Sullivan BOE goes old school, then new school in work session

Rick Wagner • Sep 29, 2017 at 7:40 AM

BLOUNTVILLE — Out with the old and in with the new were front and center on the agenda of Sullivan County school officials Thursday.

At the same non-voting work session, the Board of Education and Director Evelyn Rafalowski discussed the disposal of the former Weaver Elementary School, once it is formally declared surplus, and the likely mid-November groundbreaking for the new Sullivan East Middle School.

— Weaver is a  nearly 100-year-old school that the board closed in May after an engineer said an addition was structurally unsound. Rafalowski said she has already been contacted by two adjoining private property owners and a church that has a cemetery next to the school property about possibly purchasing parts of the Weaver campus.

The school is in the East High zone and its original section dates to 1921. At Monday’s school board meeting, which will start at 6:30 p.m. in the first-floor meeting room of the health and education building off the Blountville Bypass, Rafalowski plans to recommend the board vote to allow its Executive Committee, composed of Chairman Michael Hughes and her, to talk with those interested in the property to discern their level of interest and see if those interests could coexist if the property is split multiple ways.

Then, she said, they would put together a potential option or options to dispose of the property.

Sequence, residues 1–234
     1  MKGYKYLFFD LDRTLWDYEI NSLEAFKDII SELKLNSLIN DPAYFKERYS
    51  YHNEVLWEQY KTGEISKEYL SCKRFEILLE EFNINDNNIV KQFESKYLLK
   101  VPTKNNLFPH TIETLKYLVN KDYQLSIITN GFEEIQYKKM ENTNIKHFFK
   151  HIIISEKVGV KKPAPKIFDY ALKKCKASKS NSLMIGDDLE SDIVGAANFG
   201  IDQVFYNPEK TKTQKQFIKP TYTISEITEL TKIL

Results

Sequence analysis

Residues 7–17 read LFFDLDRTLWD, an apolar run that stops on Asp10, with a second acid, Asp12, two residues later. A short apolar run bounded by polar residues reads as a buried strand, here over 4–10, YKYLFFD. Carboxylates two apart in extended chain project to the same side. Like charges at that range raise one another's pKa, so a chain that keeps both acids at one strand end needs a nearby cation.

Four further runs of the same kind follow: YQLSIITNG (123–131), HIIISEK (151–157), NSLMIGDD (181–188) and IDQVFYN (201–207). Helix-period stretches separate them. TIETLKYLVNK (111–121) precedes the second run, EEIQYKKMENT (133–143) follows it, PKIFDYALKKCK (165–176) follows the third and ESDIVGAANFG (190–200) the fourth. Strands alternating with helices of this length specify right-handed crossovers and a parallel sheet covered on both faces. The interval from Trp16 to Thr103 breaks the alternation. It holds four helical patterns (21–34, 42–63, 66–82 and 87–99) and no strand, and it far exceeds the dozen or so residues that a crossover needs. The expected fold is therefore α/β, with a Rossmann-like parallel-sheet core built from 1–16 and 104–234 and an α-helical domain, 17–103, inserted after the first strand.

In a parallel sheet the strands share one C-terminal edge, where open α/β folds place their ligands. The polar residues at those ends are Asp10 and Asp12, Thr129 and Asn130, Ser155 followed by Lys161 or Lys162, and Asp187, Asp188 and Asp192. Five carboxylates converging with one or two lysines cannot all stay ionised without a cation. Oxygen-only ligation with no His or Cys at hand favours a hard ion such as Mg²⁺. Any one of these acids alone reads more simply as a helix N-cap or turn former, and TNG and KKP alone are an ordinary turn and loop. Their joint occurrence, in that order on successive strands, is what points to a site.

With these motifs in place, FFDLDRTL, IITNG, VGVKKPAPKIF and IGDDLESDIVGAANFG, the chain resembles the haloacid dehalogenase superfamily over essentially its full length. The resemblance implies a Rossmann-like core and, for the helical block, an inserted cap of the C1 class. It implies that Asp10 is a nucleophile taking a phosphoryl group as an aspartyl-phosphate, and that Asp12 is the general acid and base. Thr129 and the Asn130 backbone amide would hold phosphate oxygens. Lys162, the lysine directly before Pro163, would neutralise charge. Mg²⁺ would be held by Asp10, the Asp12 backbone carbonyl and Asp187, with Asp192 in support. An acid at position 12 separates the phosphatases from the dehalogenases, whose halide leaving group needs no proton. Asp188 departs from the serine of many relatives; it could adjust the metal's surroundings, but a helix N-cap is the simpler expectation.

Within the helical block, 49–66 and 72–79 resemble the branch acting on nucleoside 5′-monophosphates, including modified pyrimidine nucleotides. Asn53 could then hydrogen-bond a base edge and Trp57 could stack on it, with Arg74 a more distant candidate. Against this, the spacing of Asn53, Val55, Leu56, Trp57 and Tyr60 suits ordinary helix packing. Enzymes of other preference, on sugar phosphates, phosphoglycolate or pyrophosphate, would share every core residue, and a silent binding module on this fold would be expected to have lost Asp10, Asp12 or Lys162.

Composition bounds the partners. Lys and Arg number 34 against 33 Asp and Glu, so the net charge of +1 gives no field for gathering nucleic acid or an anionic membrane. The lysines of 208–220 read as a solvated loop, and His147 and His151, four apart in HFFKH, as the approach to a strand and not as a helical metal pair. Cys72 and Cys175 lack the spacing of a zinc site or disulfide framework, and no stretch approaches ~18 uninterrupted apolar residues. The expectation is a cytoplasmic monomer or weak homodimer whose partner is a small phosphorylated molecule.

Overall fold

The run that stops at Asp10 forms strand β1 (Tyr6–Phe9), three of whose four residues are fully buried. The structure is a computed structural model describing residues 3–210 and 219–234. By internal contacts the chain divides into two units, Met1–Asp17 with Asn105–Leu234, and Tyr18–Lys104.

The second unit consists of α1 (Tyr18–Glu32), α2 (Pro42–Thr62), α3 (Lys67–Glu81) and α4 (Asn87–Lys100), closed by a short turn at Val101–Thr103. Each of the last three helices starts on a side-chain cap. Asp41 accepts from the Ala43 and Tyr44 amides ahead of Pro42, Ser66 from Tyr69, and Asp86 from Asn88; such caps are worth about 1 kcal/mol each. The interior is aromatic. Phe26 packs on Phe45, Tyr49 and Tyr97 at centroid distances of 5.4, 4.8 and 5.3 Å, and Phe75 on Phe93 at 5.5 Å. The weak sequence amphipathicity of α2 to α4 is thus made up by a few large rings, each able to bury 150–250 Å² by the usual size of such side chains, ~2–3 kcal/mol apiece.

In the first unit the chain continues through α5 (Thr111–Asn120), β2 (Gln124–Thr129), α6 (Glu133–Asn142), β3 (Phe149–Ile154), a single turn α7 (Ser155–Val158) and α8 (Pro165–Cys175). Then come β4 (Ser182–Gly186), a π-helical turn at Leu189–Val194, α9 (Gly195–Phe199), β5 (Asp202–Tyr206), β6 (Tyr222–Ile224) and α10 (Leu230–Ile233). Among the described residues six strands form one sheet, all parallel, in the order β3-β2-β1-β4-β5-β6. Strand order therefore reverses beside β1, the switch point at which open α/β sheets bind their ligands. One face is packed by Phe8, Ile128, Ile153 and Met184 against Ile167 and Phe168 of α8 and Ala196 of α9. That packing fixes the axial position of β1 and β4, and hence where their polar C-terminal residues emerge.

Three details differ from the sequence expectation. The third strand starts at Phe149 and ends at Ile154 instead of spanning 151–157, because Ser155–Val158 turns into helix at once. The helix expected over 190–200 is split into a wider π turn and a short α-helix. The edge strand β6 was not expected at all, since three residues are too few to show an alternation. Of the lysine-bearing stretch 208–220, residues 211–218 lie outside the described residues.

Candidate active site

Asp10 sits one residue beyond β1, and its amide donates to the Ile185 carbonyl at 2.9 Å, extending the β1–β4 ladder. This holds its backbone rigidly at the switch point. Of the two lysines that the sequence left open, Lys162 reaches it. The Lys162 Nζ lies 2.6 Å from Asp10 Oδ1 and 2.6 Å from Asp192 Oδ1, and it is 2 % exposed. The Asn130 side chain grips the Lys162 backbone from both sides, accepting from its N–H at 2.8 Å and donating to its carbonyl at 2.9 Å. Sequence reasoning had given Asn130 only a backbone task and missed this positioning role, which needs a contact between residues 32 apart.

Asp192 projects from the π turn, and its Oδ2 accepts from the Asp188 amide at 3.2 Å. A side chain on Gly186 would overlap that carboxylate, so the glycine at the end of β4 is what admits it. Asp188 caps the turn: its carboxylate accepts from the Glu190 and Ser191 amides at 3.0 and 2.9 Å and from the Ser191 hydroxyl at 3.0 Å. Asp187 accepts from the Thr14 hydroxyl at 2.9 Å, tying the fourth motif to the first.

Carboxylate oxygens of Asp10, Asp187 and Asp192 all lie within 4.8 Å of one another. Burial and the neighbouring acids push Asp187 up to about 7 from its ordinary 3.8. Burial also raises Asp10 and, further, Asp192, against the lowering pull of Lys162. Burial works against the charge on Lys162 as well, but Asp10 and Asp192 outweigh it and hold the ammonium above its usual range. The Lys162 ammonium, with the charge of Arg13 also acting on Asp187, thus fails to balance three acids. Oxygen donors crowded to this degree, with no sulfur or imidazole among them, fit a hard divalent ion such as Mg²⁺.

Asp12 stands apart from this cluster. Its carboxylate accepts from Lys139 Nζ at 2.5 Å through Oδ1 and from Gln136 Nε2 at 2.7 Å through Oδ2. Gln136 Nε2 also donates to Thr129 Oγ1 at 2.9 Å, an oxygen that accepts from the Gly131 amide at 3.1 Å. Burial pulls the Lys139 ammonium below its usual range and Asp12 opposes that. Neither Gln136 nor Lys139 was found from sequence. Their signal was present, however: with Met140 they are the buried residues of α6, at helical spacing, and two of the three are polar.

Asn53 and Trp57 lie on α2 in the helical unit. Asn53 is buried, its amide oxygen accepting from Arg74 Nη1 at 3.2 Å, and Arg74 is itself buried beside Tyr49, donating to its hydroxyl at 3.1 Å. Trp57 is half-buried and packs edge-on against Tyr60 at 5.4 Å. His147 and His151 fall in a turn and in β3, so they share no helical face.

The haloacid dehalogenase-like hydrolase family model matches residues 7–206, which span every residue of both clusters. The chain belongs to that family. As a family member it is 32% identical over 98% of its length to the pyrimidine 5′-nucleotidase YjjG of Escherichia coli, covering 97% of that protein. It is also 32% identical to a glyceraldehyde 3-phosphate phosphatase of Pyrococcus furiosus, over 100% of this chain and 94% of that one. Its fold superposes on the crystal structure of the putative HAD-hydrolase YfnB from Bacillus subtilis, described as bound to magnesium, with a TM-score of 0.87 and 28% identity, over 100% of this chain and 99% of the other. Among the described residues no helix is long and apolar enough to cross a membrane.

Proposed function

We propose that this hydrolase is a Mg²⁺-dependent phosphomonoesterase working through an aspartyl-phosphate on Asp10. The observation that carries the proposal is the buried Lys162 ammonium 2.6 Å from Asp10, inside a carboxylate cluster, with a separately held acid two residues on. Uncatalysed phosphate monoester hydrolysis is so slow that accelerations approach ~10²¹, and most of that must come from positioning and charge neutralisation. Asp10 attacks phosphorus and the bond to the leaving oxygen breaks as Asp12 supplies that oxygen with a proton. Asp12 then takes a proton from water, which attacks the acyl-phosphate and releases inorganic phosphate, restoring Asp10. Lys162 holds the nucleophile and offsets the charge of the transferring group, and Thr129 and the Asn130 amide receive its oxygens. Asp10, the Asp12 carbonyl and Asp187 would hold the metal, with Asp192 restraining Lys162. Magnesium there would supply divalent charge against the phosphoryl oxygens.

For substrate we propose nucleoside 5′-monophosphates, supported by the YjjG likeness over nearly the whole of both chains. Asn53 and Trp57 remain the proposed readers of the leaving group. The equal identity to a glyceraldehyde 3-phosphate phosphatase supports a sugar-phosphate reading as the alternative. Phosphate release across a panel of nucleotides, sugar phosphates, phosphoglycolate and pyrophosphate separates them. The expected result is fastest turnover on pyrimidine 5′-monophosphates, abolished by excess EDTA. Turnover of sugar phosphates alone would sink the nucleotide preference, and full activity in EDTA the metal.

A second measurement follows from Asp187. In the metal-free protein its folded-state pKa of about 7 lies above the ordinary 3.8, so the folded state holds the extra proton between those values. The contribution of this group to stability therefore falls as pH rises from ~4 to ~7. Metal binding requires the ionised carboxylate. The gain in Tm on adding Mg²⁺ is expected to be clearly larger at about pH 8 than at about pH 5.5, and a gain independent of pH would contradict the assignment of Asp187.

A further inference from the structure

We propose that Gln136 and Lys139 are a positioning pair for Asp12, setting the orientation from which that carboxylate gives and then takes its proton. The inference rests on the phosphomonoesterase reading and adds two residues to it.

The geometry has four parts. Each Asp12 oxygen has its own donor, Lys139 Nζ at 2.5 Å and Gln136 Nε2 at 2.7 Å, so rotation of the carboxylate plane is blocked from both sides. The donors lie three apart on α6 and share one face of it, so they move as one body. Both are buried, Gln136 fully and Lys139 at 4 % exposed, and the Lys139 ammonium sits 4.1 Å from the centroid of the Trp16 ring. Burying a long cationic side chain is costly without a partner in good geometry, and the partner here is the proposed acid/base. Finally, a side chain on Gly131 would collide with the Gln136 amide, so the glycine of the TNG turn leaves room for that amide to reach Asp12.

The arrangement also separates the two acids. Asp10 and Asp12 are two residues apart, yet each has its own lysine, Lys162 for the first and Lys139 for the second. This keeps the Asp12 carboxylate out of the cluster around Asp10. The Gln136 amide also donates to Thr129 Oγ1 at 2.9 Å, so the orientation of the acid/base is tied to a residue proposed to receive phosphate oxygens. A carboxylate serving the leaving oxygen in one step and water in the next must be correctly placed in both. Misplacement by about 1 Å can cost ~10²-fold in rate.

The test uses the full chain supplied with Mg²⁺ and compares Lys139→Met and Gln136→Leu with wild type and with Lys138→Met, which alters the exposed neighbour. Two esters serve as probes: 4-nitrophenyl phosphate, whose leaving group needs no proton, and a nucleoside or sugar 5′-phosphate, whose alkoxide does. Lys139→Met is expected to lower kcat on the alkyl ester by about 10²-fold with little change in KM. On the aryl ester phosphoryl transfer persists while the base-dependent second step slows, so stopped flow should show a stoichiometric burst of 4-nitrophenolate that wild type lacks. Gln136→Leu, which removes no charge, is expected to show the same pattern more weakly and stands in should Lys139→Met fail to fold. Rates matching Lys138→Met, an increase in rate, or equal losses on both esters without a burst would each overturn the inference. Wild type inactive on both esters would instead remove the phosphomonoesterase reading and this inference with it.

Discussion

— East Middle, on the other hand, soon will be under construction and likely will have a groundbreaking at noon on Nov. 10, at a site about a mile from the East High campus and along Weaver Pike. It is to open in the fall of 2019, taking the place of Bluff City and Holston Valley middle schools and the grades 6-8 portion of the K-8 Mary Hughes School.

The $20 million project is being funded by a portion of a $140 million countywide bond issue for school capital projects, as is an as-yet unnamed new $60 million high school near Exit 63 of Interstate 81 to open in the fall of 2020. The board recently approved the East Middle name after it was the top pick in an online survey from among five options a committee chose. The mascot and colors, Patriots and red, white and blue, are the same as East High.

In other action, the board discussion of voting items Thursday night included:

Amending the 2017-18 budget to make up for the loss of 5.5 cents of county property tax rate revenue. The budget would have been short $1.432 million, Business Manager Ingrid Deloach said, but the County Commission increased a payment of $300,000 for non-school use of school facilities by the public to $1.3 million and changed the line item from a contribution to a lease/rental fee.

DeLoach said that means the money still doesn’t have to be shared with the Kingsport and Bristol school systems, which lost about $1.7 and $1 million respectively. It also means the $1.3 million is subject to future maintenance of effort requirements from the state in perpetuity. Deloach said the difference between $1.432 million and $1.3 million was made up by taking about $119,000 from the fund balance and making modest revenue increase projections in other revenues. However, Rafalowski said the school system would do its level best not to spend the $119,000.

And approving the United Way Sports Pass, which gives each Eastman Chemical Co. employee who donates to United Way free entry to all school regular season sporting events except varsity football.